“Amazing Spider-Man” Released in India Four Days Before U.S.

The upcoming Amazing Spider-Man will come out on the 29th June in India, four days before it will be released in the United States, Sony Pictures India announced earlier today. The previous Spider-Man franchise films have done particularly well in India and the Managing Director of Sony Pictures India Kercy Daruwala says that a large part of the appeal of The Amazing Spider-Man will be that the U.S. doesn’t get the film until the 3rd of July:

“Each of the Spider-Man franchise films has broken records on its release in this territory. We are very confident that Indian audiences will enjoy the new reboot of the franchise even more because they are watching it before the U.S. and also, as this film has an India connect.”

HollywoodReporter points out that the upcoming James Bond film, Skyfall, ”will open in India on Nov. 2, a week ahead of its U.S. release date,” just as Quantum of Solace did in 2008.  The HR article also has quotes from the director of marketing at Sony Pictures India, Divya Pathak, who says:

“Our lineup of strong franchise films with mass appeal and already established high brand recall are ideal for unique and exciting co-promotional activities with like-minded brands, both local and international. Many brands are choosing to partner with our blockbusters because of the incomparable scale of these movies.”

“After completing 75 years as a studio in India, 31 of which I have personally been a part of, I can say without a doubt that this is our biggest and most exciting lineup ever with tried and tested record-breaking performance at the Indian box office,” added Daruwala. “On the whole, we have an ideal mix of the biggest blockbuster action movies as well as comedy, drama and family films with an arsenal of great directors and top rung stars.”

When you take into account the fact that  The Avengers was released in the U.K. before the U.S. (as Avengers Assemble), will it become a trend in film releases to let the States have the film only after everyone else has tried a piece of the pie? Is this fair? Let us know in comments!

  • Pari Choudhary

    Why is it not fair? They are still earning lots of money from these movies. Its just a way to promote the movie. Quantum of solace did really well in India too. Its a growing market of american movies so they are trying to tap into it as much as posible. And releasing a movie exclusively in a place has a lot of appeal to it.

  • Nadine

    Why would this not be fair?
    People outside the United States usually have to wait for everything forever. Not only with big movie but also tv shows that air months, if not years, after they were shown in the US. what difference makes it to fans in the United States if people in India have already seen it? Especially in this case where Sony Pictures obviously has some history in India it is only fair.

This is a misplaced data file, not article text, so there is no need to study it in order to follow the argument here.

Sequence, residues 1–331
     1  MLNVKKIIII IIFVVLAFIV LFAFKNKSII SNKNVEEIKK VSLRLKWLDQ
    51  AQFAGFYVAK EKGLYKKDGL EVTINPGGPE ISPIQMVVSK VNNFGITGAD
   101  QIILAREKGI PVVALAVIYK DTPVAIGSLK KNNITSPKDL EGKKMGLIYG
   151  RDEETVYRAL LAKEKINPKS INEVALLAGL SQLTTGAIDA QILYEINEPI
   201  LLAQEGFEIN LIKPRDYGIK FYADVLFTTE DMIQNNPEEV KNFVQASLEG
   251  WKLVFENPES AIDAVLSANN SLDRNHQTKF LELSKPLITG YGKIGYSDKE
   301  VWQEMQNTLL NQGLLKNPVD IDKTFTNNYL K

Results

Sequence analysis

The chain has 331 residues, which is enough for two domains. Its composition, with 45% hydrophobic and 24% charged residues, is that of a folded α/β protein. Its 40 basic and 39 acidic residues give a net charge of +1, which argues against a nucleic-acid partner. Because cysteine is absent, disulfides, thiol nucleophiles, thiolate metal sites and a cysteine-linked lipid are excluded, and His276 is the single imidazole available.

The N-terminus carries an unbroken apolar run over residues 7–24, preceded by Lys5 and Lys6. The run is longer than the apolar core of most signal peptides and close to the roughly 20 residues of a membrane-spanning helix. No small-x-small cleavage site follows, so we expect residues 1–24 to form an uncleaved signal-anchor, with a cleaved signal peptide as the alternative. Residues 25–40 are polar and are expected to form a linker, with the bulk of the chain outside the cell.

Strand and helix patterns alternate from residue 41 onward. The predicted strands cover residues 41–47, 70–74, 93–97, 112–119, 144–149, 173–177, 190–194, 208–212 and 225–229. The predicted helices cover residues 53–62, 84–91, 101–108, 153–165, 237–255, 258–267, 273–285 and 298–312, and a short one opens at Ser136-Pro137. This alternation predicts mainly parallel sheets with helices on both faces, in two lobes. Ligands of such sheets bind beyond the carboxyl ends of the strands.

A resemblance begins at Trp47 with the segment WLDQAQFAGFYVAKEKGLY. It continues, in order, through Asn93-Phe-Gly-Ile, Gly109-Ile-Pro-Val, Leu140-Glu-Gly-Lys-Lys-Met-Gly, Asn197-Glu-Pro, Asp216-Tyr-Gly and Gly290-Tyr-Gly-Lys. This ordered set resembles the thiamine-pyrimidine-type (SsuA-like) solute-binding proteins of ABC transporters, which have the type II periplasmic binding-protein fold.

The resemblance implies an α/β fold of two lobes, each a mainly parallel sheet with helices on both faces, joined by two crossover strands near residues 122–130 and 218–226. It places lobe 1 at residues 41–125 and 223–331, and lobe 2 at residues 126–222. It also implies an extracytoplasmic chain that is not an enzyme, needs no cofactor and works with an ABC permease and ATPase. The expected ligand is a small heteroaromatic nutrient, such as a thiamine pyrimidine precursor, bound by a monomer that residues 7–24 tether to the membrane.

Only because it was filmed and preduced in the United States doesn’t mean they automatically hold a privilege to see it before everyone else. Harry Potter is a UK production but fans in Europe still got the DVD of DH Part 2 almost a month after it was released in the US. I think it’s only fair they start mixing things up a little bit so everyone can ‘try a piece of the pie’ first for once.

    • Critterfur

      I see your point, but actually, the Potter movies were funded and produced by Warner Brothers, an American studio. They controlled where the films were shot, which directors and screenwriters were hired, and who was cast, to a large extent. They deferred to Jo Rowling’s wishes and filmed in Britain with an almost exclusively British cast, but they didn’t have to (of course, Jo probably would have pulled her support from the films if they hadn’t, and there was no good reason not to make the films as British as they possibly could. As for other countries receiving American television shows or movies quite a bit later than Americans themselves; well, it works the other way, too. Until recently, Americans were only able to watch shows like Doctor Who or Sherlock (both BBC productions) months after they aired in most other countries.

      Maybe things have changed a bit in recent years, but in terms of movies and the revenue they generate, America has been a big market, almost since the creation of the motion-picture. Look at Avengers, for example; yes, the film made about 600 million dollars over the course of almost a month in multiple countries, but it made 300 million dollars in only two weeks in America alone. If each of the countries that film had been released in had garnered 300 million dollars, it’s total gross would probably be in the Tens of Billions. That’s a big market, and not one to be ignored. I guess I chose to think about the whole thing not in terms of what’s “fair”, but what’s profitable. Maybe the audience for American films is growing in places like India and China, and movie-studios will start to re-focus their efforts away from the U.S.

  • http://twitter.com/19yearslater Sarah Moe

    Haha what? It’s kind of an odd promotional tactic, the aha you get it before the Americans! I don’t really mind though, I wasn’t especially looking forward to being the first to see the new Spider Man. Also, The Avengers is better than Avengers Assemble.

    • http://twitter.com/19yearslater Sarah Moe

      Just the title, I realize it’s the same film.